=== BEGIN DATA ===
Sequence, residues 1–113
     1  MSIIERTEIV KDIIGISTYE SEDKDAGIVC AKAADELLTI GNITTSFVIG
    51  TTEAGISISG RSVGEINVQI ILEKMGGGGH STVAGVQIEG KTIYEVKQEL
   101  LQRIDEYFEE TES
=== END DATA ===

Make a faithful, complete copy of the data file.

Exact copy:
Sequence, residues 1–113
     1  MSIIERTEIV KDIIGISTYE SEDKDAGIVC AKAADELLTI GNITTSFVIG
    51  TTEAGISISG RSVGEINVQI ILEKMGGGGH STVAGVQIEG KTIYEVKQEL
   101  LQRIDEYFEE TES